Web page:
My Editing Workflow

(And my Favorite Film Emulation Preset)

I get a lot of questions from other photographers about my editing workflow and what my medium format film set up is. The truth is, these days I shoot mostly digital (I actually sold my medium format camera back at the beginning of the pandemic) and honestly I sometimes had a hard time remembering which photos are film and which are digital until I look at the filenames. What I have found over the years is that with the right understanding of light, a good camera body/lens set up, and a light touch in Lightroom you can get the images to look indistinguishable from film.

When I started my career as a photographer I loved the look and feel of 120 film (still do) and found it was pretty difficult to replicate with a digital camera. There were lots of presets out there, but many of them took a lot of work to match to film and still didn’t get me very close. I actually worked as an editor for other photographers for several years, and edited hundreds and hundreds of weddings using every film preset on the market.

I’ve used Jose Villa, Mastin Labs, KT Merry, Refined, and the Archetype Process and the clear winner (head and shoulders above) was the Archetype Process (TAP for short). TAP is not a preset, but a profile in Lightroom, and does not make any changes to the HSL panel or Tone Curve panel in LR after application. After you apply the profile, it is almost like working with a blank slate because you still have full freedom over the contrast and colors, so if something isn’t quite right with the RAW file, it is super easy to make adjustments. My biggest hangup with Mastin Labs (a preset that I used for several years exclusively) was with all the changes in the HSL panel, once you started making adjustments things started getting pretty wonky really quickly.


Here is an example of a film photo compared with the digital TAP profile.


Bride sitting holding vibrant red pink and yellow bouquet in her lap taken by Philadelphia Wedding Photographer Matt Genders


Can you tell which is film and which is digital? I can’t.

Top photo: Mamiya 645 with 80mm f/2.8 Fuji 400h rated at 200

Bottom Photo: Nikon Z6 with 58mm f/1.4 with TAP Fuji 400h

Aside from a few color differences, it’s pretty darn close. This is where TAP really shines. Because it is a profile, not a preset, the HSL panel remains untouched so it is really easy to make changes to individual colors without affecting the overall feel of the image.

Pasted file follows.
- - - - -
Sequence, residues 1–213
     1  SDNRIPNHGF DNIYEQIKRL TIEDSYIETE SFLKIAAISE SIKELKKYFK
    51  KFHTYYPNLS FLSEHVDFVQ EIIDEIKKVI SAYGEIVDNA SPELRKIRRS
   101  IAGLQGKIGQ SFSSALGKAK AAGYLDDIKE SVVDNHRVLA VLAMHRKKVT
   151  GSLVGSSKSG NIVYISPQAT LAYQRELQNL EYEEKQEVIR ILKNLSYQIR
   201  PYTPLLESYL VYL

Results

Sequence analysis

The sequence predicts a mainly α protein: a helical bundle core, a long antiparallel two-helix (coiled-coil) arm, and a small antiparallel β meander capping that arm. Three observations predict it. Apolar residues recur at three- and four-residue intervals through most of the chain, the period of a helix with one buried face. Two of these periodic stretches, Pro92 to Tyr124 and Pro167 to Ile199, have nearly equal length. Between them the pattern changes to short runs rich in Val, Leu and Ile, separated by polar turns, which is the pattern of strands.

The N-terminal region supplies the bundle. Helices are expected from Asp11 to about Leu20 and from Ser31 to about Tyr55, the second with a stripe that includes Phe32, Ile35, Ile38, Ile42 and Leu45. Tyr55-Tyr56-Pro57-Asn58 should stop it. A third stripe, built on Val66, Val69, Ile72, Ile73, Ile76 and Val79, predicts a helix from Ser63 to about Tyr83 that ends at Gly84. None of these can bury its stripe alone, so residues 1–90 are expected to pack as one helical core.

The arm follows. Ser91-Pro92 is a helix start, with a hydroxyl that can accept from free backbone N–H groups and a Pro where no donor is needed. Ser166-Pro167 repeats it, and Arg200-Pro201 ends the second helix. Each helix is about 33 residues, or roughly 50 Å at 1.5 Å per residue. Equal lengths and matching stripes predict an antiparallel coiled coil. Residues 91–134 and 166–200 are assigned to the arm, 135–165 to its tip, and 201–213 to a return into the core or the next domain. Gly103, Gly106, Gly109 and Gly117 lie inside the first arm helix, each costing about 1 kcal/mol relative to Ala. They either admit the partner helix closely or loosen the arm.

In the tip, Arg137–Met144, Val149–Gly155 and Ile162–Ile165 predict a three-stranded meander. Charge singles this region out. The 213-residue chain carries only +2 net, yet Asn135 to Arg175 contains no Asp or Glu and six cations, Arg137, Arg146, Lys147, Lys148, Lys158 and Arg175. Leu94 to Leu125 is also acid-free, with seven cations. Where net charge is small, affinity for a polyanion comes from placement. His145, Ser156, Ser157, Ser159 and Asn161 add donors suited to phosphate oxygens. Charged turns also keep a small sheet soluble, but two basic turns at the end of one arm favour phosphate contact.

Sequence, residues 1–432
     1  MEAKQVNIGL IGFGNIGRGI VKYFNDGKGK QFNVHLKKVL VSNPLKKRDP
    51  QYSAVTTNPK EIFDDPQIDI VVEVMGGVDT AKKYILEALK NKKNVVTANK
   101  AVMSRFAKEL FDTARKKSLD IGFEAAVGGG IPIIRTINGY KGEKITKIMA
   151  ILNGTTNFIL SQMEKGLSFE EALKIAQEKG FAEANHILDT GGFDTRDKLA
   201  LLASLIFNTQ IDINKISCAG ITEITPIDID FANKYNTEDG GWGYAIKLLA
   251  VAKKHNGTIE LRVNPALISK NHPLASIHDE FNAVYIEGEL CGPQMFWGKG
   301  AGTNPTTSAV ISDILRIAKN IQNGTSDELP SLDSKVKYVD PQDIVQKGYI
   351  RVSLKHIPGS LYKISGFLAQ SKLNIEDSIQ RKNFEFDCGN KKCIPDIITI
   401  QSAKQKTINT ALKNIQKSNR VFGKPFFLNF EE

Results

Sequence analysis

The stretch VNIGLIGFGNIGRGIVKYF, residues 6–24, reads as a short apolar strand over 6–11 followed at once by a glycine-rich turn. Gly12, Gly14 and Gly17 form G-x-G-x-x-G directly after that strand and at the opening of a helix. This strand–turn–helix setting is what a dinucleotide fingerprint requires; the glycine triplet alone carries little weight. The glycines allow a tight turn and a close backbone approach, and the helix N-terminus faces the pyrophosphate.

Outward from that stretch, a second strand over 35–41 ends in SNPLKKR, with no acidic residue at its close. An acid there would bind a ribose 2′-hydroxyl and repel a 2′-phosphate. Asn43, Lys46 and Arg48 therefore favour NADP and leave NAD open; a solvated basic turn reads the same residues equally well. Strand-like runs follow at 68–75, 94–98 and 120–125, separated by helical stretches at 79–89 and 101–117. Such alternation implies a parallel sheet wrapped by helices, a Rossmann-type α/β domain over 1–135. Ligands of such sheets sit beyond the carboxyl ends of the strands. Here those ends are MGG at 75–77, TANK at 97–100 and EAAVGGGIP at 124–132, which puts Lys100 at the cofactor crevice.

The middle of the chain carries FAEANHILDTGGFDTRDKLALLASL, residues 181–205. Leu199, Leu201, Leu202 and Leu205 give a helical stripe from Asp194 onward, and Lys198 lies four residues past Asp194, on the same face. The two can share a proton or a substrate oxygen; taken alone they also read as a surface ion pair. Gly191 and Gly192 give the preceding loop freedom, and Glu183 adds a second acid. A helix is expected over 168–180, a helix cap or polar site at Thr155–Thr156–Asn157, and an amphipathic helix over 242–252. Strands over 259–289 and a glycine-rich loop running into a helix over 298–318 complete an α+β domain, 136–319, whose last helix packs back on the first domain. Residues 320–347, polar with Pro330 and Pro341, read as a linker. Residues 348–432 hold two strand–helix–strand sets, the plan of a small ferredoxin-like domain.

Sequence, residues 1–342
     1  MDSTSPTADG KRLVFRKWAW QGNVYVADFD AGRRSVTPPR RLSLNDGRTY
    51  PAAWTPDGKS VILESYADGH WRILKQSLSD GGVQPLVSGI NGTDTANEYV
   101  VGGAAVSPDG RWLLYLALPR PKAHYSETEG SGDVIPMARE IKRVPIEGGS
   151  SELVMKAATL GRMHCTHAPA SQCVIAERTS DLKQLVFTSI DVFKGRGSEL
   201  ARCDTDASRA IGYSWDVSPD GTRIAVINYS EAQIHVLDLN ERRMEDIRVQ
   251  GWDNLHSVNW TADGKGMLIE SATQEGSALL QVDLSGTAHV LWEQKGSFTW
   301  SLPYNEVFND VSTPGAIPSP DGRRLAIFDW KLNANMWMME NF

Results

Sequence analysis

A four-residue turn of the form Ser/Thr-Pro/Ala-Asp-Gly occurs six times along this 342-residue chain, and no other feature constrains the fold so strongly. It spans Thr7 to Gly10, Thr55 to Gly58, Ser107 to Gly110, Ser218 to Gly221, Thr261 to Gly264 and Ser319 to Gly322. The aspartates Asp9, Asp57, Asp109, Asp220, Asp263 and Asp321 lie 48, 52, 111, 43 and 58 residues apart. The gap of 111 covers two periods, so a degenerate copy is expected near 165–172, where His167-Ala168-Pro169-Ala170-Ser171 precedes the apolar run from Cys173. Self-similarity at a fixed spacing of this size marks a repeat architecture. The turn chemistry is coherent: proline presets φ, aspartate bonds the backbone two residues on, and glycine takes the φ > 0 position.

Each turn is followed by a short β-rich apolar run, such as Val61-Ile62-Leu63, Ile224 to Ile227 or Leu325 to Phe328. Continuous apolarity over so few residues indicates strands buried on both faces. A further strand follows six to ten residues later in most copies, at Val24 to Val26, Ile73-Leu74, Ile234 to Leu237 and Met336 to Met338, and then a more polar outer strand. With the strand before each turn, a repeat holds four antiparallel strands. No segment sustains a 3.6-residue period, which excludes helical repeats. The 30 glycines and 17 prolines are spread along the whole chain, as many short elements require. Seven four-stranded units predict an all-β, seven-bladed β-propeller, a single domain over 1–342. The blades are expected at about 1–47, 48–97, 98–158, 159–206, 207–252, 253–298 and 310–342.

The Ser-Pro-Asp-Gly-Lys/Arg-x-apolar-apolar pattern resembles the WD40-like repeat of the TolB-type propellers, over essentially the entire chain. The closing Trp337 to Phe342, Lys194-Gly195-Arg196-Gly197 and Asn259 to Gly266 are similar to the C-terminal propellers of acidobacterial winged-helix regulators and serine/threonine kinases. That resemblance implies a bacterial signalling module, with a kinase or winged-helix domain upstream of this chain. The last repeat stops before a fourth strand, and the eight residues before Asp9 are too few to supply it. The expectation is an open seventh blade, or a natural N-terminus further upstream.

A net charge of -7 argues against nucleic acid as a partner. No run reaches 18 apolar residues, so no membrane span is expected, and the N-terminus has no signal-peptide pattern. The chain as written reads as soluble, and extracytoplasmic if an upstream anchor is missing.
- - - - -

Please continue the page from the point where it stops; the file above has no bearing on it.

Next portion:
Here is the digital SOOC image:



Here is a look at my basic panel after editing the digital image…

A few changes to blacks, color temp/tint, and tone curve adjustments and you are 99% of the way there. When you are editing a gallery of 800+ images to match to film, this is a HUGE time saver.

Full disclosure, I did have to make some minor adjustments to the color panel to get me that extra 1% of the way there.


The “Secret Sauce”

This is not based on any real research, but I’ve found that the “secret sauce” to getting a photo to look like real film is in the right grain mixture, a little bit of texture, and the right tone curve.

There is nothing really outside the box happening with this particular image, but I’ve found with heavily backlit images or bright images the dead giveaway of a digital image is the “density” of the shot. Film always has a lot of texture and body in an image (probably not the right word, but makes sense in my head) so I sometimes throw in a little “S” curve to help with the black point.


The “J” Trick

Another trick I love to do is use the “J” trick- a helpful tool I learned a few years ago. If I’m looking at an image where the contrast just doesn’t look right, I will hit the J key which shows me where the black and white clipping is. Anything that is blue is pure black, and anything that is red is pure white. I always like my images to have a tiny bit of blue and red in the image- I’ve found it helps me if I’ve gone too far in either the light or dark direction.



Here is a screen shot with the J key toggled…

… and the final image.


And that’s it! For almost all of my images, that is the extent of my editing workflow. For me, TAP is a huge time saver and even without matching film I think it looks great.

Want to see more from this shoot? Click HERE.

TAP in Cinque Terre

Here is an older travel image of mine that I recently reedited with TAP.


Cinque Terre taken at sunrise in July by photographer Matt Genders

Final image

SOOC Image

First step is to apply the profile, in this case is Pro400H Frontier Pushed 1 EXP +2, with some basic exposure, tone curve and WB adjustments.

I then hit the J key to check my white and black clipping. If you can tell, there is only a slight bit of black clipping down by the boats which is perfect.

I make some minor adjustments to the HSL panel (just eyeballing to my taste).

And that’s it! The whole edit takes around 5 minutes and I love the result.


Want to see more from this trip? Check out my print shop HERE.


And that’s my editing workflow! Leave a comment if you would like to learn more or see more articles like this!